Preschool funding up in the air
Pre-school administrators are concerned the building blocks of California’s public education system may be knocked down by the state’s ever-worsening budget crisis.
In May, Gov. Arnold Schwarzenegger announced a nearly 50 percent reduction to pre-school services, cutting about $420 million out of the state’s $840 million budget in an attempt to hack away at the state’s projected $19.1 billion deficit.
The cuts are on hold and now don’t look likely, State Department of Education analysts say. But, the state’s budget – due July 1 – hasn’t been passed.
As a result, some of the slots in subsidized preschools aren’t being funded.
The move cut daycare for some students receiving subsidies at Union Hill School District’s state-funded program, said superintendent Susie Barry. About 240 students attend the school’s preschool, after-school and child care programs, Barry said.
“Over the summer, we were able to make some accommodations for our subsidized families,” she said. “But we haven’t been able to accommodate them since school started. It’s such an extensive program that it poses a serious problem for a lot of children.”
Nevada City’s preschool dropped from two classrooms to one from last year, dropping from 24 students to 12 due to budget cuts.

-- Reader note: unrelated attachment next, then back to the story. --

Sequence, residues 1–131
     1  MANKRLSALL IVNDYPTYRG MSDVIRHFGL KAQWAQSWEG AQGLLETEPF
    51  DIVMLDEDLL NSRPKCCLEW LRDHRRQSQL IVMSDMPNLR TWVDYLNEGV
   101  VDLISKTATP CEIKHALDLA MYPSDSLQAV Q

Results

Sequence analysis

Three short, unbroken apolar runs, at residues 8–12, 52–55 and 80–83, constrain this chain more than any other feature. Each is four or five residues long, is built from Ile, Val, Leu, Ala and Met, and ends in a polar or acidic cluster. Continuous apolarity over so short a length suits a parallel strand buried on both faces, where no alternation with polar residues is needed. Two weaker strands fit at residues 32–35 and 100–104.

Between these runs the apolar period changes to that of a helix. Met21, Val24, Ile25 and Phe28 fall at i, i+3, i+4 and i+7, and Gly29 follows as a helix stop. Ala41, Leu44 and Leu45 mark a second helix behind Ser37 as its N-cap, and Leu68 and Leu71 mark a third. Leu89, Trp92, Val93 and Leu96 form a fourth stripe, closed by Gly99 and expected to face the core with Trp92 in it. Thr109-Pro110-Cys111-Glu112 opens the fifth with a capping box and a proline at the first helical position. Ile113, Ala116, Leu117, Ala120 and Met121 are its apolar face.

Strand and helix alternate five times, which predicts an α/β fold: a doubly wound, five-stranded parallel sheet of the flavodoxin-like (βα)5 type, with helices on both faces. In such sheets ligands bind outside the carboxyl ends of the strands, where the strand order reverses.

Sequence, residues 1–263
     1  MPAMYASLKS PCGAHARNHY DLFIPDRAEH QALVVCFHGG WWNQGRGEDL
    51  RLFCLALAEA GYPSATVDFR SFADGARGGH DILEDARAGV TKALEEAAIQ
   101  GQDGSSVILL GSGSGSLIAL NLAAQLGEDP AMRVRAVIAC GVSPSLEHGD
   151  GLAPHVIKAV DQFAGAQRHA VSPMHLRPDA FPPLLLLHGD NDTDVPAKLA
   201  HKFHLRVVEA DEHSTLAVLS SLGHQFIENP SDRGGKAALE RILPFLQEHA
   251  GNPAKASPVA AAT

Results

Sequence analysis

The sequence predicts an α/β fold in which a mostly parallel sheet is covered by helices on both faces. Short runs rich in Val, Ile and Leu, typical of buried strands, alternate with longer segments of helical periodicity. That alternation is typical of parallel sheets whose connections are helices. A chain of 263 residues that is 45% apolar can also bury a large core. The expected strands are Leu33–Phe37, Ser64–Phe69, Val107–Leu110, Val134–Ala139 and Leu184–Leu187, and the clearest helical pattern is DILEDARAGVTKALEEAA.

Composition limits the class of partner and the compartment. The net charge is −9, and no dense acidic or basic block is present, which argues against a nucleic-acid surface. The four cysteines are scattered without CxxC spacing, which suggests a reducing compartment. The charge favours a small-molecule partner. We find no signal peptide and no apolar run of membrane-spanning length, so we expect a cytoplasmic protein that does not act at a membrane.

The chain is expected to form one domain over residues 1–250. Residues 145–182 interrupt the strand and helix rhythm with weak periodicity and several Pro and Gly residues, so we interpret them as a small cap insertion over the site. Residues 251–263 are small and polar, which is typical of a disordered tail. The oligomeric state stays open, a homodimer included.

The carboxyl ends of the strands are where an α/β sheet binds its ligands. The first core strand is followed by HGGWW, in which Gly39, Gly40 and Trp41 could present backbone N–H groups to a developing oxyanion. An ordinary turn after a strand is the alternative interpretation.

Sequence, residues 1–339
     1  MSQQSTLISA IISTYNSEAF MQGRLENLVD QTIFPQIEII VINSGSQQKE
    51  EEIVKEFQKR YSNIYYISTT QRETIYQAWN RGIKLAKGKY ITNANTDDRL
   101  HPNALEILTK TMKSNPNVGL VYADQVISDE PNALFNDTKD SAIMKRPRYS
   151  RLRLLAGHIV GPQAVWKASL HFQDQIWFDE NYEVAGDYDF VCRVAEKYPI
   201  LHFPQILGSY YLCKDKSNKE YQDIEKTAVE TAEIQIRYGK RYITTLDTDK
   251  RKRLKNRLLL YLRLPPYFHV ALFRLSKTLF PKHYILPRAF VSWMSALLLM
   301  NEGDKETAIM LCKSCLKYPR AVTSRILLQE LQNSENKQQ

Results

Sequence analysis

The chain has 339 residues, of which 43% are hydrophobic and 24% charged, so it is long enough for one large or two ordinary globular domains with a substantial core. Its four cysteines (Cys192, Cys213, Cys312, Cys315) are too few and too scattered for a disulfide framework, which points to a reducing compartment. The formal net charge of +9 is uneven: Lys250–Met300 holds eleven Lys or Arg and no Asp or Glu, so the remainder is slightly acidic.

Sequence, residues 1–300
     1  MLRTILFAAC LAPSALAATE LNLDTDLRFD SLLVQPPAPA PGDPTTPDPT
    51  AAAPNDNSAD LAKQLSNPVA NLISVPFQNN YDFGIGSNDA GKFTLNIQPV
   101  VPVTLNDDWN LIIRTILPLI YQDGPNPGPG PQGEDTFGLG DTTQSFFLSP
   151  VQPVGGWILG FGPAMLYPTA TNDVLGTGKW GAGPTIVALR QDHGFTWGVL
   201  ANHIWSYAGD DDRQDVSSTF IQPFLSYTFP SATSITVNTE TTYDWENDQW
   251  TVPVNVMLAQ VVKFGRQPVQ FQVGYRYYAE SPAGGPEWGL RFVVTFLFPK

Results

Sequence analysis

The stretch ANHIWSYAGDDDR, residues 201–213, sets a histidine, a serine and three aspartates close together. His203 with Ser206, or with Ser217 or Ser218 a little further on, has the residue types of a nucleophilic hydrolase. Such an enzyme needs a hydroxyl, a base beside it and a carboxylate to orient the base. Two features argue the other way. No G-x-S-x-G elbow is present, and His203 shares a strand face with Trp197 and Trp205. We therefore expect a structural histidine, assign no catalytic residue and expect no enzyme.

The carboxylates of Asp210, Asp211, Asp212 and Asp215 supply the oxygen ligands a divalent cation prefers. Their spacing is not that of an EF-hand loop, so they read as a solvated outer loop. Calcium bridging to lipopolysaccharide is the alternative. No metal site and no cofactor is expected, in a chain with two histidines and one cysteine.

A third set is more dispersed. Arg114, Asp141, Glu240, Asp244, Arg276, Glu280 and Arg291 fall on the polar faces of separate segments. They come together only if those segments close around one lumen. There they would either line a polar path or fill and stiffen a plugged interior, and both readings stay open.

Most children who attend public preschools on a subsidy do so because they come from moderate-to-low-income families. If a family with one child earns less than $42,000 annually, they qualify for the program.
“These are the students most at risk to enter kindergarten with a learning gap,” said Nancy Remley, an education administrator at the state’s Department of Education. “For us, it’s heartbreaking, because these are the students who need a boost in their early literacy and pre-mathematics skills.”
While all of the 48 students in Grass Valley’s preschool fall under the low-income subsidy guidelines, none were cut due to the unfinished budget, said Child Development Director Carol Viola.
Only certain state funding mechanisms were cut, and federal Head Start funding remains in place.
Of the district’s preschool enrollment, 40 students fall at or below the federally subsidized guidelines, meaning a one-student family earns less than $10,830 per year, Viola said.
“The federal funding is critical. It allows us to run our programs,” Viola said.
While funding isn’t expected to be cut at the state or federal level, the question of when the state budget will be passed, opening up some access to subsidized money, is still very much unanswered.
“This week, the governor said he may not sign a budget until he leaves office” in January, Remley said. “That would be devastating.”
To contact Staff Writer Kyle Magin, e-mail email@example.com or call (530) 477-4239.
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